Lots of people see the northern winter as an empty, fruitless time. But it wasn’t always so: Just a generation or two ago, the people living even in legendarily snowy parts of North America dined year-round on an abundance of local foods. Did this help them see winter not as a barren time, but as a time for rest and restoration among abundance?
To understand how a northern winter could be abundant, it’s important to keep in mind that the foods our forebears ate were different. There weren’t mangoes in January, of course, but they weren’t missed because the root cellars were full of “keeping apples,” as well as parsnips, rutabagas, parsley roots, beets and squash varieties we now regard as exotic. In addition to the root cellars, the actual farm fields were filled with vegetables, like Brussels sprouts, that kept growing in good condition despite a little dusting of snow. As if that weren’t enough, the pantries were filled with dried beans, dried fruits, nuts and all sorts of winter-ready local farm produce.
The abundance of the northern winter is particularly vivid on the pages of Deborah Madison’s Local Flavors: Cooking and Eating from America’s Farmers’ Markets (Broadway Books, 2008). Madison is probably the nation’s premier vegetable chef, and this book is her guide to how to cook the foods you can actually find in real farmers’ markets. As such, it’s a tremendously helpful resource for those trying to eat the two ways our ancestors did: locally and happily.
Madison blanches Brussels sprouts, cauliflower and broccoli, and dresses them with a mustard-caper butter to bring the richness of late-winter fields indoors (see the Web Extra! at the top right of this page). She turns parsnips into salads, galettes and braises, releasing those sweet, pale roots from their conventional role as a soup partner to carrots. Meanwhile, even late-season radish greens and feathery carrot tops find their way into her unexpectedly vibrant soups and salads. Who knew the northern winter could be so tasty?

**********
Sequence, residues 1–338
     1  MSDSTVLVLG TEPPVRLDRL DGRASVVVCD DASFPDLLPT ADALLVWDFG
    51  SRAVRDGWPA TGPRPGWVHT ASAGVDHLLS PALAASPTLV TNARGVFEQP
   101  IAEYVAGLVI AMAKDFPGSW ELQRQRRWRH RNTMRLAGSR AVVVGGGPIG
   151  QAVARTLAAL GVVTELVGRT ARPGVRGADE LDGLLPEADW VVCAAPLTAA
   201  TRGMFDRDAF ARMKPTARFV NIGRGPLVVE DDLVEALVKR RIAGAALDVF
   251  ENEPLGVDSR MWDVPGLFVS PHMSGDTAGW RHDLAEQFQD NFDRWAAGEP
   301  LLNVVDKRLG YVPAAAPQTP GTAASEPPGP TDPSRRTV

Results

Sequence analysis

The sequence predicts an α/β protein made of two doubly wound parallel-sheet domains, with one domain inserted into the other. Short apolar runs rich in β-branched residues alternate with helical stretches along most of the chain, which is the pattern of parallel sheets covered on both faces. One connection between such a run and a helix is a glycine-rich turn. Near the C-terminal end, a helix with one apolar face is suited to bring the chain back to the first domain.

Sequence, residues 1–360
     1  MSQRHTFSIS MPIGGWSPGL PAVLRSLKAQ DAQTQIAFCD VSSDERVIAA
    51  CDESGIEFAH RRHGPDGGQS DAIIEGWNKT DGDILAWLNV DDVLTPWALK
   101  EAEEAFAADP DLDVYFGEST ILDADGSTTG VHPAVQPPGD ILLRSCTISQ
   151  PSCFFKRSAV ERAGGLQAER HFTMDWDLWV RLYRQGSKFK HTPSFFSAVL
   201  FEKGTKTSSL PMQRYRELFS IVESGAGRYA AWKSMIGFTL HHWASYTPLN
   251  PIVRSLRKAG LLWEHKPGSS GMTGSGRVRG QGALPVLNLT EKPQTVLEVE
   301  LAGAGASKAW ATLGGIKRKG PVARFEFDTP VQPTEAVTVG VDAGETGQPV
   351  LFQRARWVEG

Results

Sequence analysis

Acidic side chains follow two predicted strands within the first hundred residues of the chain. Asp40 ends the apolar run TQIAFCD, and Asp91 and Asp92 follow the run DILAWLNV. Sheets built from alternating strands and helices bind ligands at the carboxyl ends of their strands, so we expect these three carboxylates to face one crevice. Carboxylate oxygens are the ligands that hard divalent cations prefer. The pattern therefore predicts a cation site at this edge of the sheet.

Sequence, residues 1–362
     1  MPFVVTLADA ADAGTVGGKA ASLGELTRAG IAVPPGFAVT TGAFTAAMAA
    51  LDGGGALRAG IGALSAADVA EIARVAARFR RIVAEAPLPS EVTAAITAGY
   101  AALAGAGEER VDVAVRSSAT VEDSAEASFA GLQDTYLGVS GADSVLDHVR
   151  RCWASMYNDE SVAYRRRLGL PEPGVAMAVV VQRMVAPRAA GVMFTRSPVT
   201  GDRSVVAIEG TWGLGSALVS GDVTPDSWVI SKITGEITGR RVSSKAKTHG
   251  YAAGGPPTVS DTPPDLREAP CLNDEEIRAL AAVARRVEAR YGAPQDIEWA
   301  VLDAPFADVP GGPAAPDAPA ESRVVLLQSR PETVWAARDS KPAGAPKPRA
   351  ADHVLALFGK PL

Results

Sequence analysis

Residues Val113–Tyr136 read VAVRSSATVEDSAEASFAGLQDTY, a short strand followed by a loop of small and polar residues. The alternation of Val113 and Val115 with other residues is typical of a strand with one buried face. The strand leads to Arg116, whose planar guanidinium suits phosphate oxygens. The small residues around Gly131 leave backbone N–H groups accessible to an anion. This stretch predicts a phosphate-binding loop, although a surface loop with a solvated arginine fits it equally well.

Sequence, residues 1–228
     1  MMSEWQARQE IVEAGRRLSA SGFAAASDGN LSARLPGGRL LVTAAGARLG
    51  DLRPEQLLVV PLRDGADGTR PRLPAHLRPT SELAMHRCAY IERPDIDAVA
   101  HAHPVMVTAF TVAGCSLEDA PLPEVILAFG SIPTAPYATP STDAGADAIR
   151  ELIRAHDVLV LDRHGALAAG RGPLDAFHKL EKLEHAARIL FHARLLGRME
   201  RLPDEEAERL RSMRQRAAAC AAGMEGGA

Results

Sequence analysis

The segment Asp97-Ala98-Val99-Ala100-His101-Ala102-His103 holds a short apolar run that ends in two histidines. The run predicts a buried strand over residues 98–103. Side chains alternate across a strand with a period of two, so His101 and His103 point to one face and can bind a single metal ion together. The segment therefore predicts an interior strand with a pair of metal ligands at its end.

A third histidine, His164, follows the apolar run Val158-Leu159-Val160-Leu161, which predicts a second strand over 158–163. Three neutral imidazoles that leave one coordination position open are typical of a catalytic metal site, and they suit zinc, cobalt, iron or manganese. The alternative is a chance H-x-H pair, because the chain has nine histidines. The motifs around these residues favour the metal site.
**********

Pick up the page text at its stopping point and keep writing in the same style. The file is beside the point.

Evidently, everyone who came before us, says Madison. “It’s funny — we crave variety, and so our supermarkets are so full of variety that there’s an almost obscene amount of choice,” she notes. “Yet, on the other hand, we’ve taken to habitually overlooking or ignoring all of these vegetables, fruits and so forth that are a part of our culture — and for what? In favor of having the same green beans all year long.”
Those trucked-in green beans, asparagus and other heat-craving vegetables have forced many classic North American winter vegetables like rutabagas, turnips and parsley root out of the average grocery-store produce aisle. What’s even more distressing, however, is that because farmers have stopped growing them, many of our most extraordinary cold-climate foods are on the verge of extinction.
Gary Paul Nabhan offers portraits of some of these foods in his new book, Renewing America’s Food Traditions: Saving and Savoring the Continent’s Most Endangered Foods (Chelsea Green Publishing, 2008), which includes a foreword by Madison. Nabhan catalogues dozens of foods that were once critical parts of the North American diet, but are now gradually disappearing.
The Short and Thick parsnip, for instance, was once grown and eaten in all the snowier parts of the United States and Canada because it grew fast and kept for months. Now it’s only commercially available from a single company, Saskatchewan’s Prairie Garden Seeds.
The Arikara Yellow bean is a fast-producing bean that was prized in places with short growing seasons like North Dakota — it even kept Lewis and Clark alive on their cross-continent journey. Now it’s all but unknown in a country that has replaced so many of its native food traditions with produce bred for long-distance hauling.
“The saddest thing happened the other day,” Madison told me. “I was baking something with an apricot from the supermarket, and my husband actually had to ask me what he was eating because the fruit had no taste.
“It’s really dreadful — so many people are eating fruits and vegetables because they’ve been told they should,” she continues, “but the varieties aren’t grown for taste; they’re grown for shipping, so they taste awful. And they’re expensive.”
Madison suspects that the only reason people tolerate this total lack of satisfaction in their food is because they’ve been told to eat five servings of fruits and vegetables a day. “So they don’t smell what they’re eating, they don’t taste it,” she says. “They just put it in a bag and go out the door like it’s a prescription.”
But the real prescription for having a healthy life might be to rediscover the original great foods of the northern winter, and to let that particular flavor of abundance both nourish and restore you.
Dara Moskowitz Grumdahl is a celebrated food and wine critic. Nominated seven times for James Beard Foundation Awards — the Oscars of the food world — she has received four awards for her restaurant and wine columns. Since 2001, her work has been regularly featured in the Best Food Writing anthologies.
For the recipe pictured above, Beets and Their Greens With Marjoram and Pine Nuts, as well as more recipes from Local Flavors, see the Web Extras! below.